How Are You Feeling—and Doing? Ask Your Smart Phone


By John Cramer and Joseph Blumberg

Dartmouth researchers and colleagues have built the first smartphone app that automatically monitors and assesses college students’ mental health, academic performance, and behavioral trends. In other words, your smartphone knows your state of mind—even if you don’t—and how that affects you.

“The StudentLife app is able to continuously make mental health assessment 24/7, opening the way for a new form of assessment,” says Professor of Computer Science Andrew Campbell. “This is a very important and exciting breakthrough.” (Photo by Eli Burakian ’00)

Scientists from the University of Texas at Austin and Northeastern University collaborated with Dartmouth’s researchers on the project.

The app, which compares students’ happiness, stress, depression, and loneliness with their academic performance, also may be used in the general population—for example, to monitor mental health, trigger intervention, and improve productivity in workplace employees.

“The StudentLife app is able to continuously make mental health assessment 24/7, opening the way for a new form of assessment,” says Professor of Computer Science Andrew Campbell, the study’s senior author. “This is a very important and exciting breakthrough.”

Assistant Professor of Computer Science Xia Zhou and Assistant Professor of Psychiatry Dror Ben-Zeev collaborated on the project. The researchers presented their findings in a paper to the ACM International Joint Conference on Pervasive and Ubiquitous Computing (UbiComp) on September 17. The paper has been nominated for the best paper award at UbiComp, the top conference on mobile computing.

The researchers built an Android app that monitored readings from smartphone sensors carried by 48 Dartmouth students during a 10-week term to assess their mental health (particularly regarding depression, loneliness, and stress), academic performance (looking at grades across all their classes, term GPA, and cumulative GPA) and behavioral trends (how stress, sleep, visits to the gym, etc., change in response to college workload—assignments, midterms, and finals as the term progresses).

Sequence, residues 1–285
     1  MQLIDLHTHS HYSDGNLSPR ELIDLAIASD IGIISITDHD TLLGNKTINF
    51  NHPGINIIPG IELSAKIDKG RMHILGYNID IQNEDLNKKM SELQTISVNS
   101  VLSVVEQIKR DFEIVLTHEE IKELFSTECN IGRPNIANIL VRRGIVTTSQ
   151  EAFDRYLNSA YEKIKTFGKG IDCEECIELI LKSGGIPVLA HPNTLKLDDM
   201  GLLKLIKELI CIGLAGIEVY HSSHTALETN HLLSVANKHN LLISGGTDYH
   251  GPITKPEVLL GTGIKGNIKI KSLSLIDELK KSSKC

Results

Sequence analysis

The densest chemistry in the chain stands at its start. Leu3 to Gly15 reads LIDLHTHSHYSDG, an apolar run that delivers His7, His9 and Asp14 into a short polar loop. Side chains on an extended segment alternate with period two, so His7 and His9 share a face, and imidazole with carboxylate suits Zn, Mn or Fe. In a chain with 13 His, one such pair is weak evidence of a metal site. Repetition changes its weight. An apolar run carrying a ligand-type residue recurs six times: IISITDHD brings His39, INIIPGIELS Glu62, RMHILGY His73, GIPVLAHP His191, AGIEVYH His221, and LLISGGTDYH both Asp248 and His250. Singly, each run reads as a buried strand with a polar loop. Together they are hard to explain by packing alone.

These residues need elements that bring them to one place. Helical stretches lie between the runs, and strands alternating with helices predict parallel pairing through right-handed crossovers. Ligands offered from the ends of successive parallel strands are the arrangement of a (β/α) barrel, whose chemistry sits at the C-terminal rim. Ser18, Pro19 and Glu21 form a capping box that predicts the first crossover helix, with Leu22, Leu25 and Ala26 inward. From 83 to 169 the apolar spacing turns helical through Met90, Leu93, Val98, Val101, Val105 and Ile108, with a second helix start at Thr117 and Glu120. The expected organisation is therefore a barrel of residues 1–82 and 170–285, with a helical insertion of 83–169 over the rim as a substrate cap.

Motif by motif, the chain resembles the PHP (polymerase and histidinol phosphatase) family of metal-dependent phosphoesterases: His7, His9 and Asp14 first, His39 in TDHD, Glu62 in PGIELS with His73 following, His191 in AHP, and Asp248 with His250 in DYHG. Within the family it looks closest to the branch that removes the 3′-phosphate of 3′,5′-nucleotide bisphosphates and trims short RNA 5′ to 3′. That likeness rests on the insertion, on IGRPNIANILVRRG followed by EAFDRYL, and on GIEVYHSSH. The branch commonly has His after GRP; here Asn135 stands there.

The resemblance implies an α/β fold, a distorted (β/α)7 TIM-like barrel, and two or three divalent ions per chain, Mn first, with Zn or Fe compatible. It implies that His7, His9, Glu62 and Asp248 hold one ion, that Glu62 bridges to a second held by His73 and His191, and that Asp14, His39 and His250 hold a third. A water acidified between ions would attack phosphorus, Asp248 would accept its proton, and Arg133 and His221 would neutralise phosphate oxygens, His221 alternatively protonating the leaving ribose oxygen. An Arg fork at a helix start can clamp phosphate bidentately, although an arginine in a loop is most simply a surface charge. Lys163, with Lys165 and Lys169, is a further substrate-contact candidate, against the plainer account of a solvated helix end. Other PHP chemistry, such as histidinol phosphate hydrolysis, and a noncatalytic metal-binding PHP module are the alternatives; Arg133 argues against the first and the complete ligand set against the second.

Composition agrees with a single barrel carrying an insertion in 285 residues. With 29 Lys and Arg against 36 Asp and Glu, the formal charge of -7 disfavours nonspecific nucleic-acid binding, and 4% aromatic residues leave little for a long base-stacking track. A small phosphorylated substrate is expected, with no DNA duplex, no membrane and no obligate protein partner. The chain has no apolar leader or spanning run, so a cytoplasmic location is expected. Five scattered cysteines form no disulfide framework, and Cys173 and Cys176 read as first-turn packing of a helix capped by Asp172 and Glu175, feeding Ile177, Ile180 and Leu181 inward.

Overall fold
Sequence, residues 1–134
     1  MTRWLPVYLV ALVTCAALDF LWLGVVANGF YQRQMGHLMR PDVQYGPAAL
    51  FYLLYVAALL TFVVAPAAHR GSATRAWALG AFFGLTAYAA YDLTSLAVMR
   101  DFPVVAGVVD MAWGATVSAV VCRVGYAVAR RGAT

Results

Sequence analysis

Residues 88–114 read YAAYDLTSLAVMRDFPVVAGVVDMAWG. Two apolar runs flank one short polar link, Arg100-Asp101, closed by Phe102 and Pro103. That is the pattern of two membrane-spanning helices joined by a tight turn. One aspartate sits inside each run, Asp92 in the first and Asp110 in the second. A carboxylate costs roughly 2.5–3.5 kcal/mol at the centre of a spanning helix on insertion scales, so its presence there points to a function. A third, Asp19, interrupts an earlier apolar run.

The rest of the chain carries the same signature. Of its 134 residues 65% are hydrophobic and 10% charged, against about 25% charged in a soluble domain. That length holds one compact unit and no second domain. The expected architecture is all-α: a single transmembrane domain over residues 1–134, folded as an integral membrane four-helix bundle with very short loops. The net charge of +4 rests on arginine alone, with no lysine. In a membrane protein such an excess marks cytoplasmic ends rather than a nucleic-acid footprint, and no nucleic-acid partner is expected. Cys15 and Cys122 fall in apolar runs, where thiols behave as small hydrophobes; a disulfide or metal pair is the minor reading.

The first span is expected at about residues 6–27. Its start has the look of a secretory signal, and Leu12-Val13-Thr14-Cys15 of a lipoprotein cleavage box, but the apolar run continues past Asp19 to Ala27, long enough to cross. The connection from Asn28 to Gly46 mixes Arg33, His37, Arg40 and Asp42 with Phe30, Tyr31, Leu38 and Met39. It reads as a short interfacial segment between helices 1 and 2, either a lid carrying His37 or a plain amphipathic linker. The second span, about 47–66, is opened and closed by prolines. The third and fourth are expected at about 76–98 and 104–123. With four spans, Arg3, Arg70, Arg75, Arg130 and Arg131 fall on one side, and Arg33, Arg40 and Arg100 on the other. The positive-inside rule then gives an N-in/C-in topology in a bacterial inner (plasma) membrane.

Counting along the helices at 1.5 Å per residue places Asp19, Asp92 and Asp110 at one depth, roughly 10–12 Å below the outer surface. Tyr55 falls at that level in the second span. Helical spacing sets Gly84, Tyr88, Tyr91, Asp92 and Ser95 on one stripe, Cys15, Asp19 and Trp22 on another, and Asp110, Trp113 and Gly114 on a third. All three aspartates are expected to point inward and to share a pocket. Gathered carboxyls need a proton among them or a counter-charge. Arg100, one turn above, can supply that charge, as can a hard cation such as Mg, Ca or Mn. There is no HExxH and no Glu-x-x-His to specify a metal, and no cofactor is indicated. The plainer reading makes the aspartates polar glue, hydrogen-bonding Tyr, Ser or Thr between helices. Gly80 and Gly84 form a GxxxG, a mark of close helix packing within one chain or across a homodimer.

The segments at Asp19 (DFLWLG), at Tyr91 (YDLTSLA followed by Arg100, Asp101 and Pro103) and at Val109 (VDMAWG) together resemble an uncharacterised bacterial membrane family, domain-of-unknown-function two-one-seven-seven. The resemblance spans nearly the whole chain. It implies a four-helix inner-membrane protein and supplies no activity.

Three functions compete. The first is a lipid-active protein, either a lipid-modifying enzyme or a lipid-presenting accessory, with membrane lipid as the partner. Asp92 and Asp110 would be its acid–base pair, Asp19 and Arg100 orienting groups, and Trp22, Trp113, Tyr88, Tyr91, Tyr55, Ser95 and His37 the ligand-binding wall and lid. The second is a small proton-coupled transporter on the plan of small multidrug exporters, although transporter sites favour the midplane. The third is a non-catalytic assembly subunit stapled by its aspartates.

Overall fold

They used computational method and machine-learning algorithms on the phone to assess sensor data and make higher-level inferences (i.e., sleep, sociability, activity, etc.). The app that ran on students phones automatically measured behaviors 24/7 such as sleep duration, the number and duration of conversations per day, physical activity (walking, sitting, running, standing), where they were located and how long they stayed there (i.e., dorm, class, party, gym), stress level, how good they felt about themselves, eating habits, and more.

The results show that passive and automatic sensor data from the Android phones significantly correlated with the students’ mental health and their academic performance over the term.

Some specific findings: Students who sleep more or have more conversations are less likely to be depressed; students who are more physically active are less likely to feel lonely; students who are around other students are less likely to be depressed. Also, surprisingly, there was no correlation between students’ academic performance and their class attendance; students who are more social (i.e., had more conversations) have a better GPA; students who have higher GPAs tend to be less physically active, have lower indoor mobility at night, and spend more time around others.

“Under similar conditions, why do some individuals excel while others fail?” Campbell asks. “What is the impact of stress, mood, workload, sociability, sleep, and mental health on academic performance? To shine a light on student life, we developed the first-of-a-kind smartphone app and sensing system to automatically infer human behavior.”

The Dartmouth researchers’ next step for the StudentLife app is to provide feedback and intervention to help students boost their academic performance while living a balanced life on campus. The app also could be used in other ways, such as real-time feedback on campus safety and stress levels, students at risk, and the quality of teaching at any given moment.

The StudentLife app was recently featured in an article published by New Scientist

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